Excessive meat consumption is associated with environmental, ethical and public health concerns. Substituting meat with plant-based alternatives has been located as a key strategy for consumers to reduce their meat intake. While a growing body of research seeks to measure consumers’ acceptance of substitute foods, less attention has been paid to how meat substitution is organised through everyday practices. Based on 50 interviews with consumers with varying levels of meat consumption in Norway, this paper explores how substitution is accomplished in everyday life, and how substitutes are leveraged in the project of meat reduction. A theoretical framework connecting theories of social practice and food qualification allowed investigating substitution as a contextually contingent process rather than the outcome of a simple product swap. The paper finds that many participants were open to the idea of meat substitution, and meatless meals could be acceptable and often desirable. However, substitution was complicated by a prevalent scepticism towards prefabricated substitute products and lacking competence to provide home-cooked alternatives fulfilling expectations in established food practices. The paper argues that ‘qualifying’ foods as substitutes depends on a range of factors beyond the material reconstruction of meatiness present in prefabricated products, problematising the idea of substitution as a straightforward strategy for meat reduction so long as consumers are motivated and/or have access to plant-based options. Shifting consumption from meat to plant-based alternatives require fundamental changes in the organisation of food environments and eating practices beyond measures targeting consumer attitudes or increasing the availability of convenient substitute products.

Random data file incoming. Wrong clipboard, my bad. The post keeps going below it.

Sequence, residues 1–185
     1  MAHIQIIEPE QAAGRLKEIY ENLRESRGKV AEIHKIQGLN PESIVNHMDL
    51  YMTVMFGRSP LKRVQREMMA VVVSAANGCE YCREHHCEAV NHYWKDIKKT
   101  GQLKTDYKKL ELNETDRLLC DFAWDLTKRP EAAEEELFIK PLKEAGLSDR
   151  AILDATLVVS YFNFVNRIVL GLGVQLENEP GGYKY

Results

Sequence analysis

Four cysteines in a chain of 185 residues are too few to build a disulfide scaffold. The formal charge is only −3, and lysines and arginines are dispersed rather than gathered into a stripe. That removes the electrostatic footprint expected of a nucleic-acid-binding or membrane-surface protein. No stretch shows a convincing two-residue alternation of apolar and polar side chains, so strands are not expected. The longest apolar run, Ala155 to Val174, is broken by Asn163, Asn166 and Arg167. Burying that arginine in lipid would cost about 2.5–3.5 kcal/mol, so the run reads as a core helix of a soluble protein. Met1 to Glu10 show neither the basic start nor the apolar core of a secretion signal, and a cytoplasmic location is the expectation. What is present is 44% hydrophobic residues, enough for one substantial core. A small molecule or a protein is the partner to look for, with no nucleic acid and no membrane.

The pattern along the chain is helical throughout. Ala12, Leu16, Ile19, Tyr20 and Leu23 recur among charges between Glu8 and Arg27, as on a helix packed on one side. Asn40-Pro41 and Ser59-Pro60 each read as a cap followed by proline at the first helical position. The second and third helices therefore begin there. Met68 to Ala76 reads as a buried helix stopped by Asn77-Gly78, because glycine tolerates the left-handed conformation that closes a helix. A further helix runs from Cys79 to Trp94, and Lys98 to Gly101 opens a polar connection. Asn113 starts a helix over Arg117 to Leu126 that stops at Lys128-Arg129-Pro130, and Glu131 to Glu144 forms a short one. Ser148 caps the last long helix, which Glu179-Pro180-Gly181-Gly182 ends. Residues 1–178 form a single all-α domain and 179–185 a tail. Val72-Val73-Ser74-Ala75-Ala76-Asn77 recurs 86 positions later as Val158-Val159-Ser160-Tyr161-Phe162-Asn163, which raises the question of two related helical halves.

Meat alternatives may play an important role in sustainable food transitions. However, numerous barriers to the increased consumption of these products have been identified. This paper explores the consumption of meat alternatives in relation to ‘foodyism’, understood here as contemporary discourses and practices of gourmet food glorifying ‘exoticism’ and ‘authenticity’. Foodyism can be viewed as a relevant cultural barrier to the increased uptake of meat alternatives, especially due to its adherence to the notion of authenticity. The paper argues that the cultural and symbolic tension between foodyism and meat alternatives must be sufficiently resolved if meat alternatives are to play a key role in sustainable food transitions. Accordingly, inspired by practice theoretical approaches in consumption research, and based on an analysis of qualitative data collected in Finland in 2020 through an online questionnaire (N=448, of which 49 were included in the final analysis), the paper focuses on describing the reconciliation of foodyism and meat alternatives already evident in the food-related practices of food practitioners. The performances of reconciliation described in this paper are characterised by ‘looking beyond individual ingredients’, ‘laborious and skilful cooking’, and the meanings of home food and creativity. The results suggest that the ways of ‘doing foodyism’ may be changing in the wake of the current ecological crises, and the paper argues that the new patterns are worth advocating in efforts to advance the practical and symbolic acceptance of meat alternatives.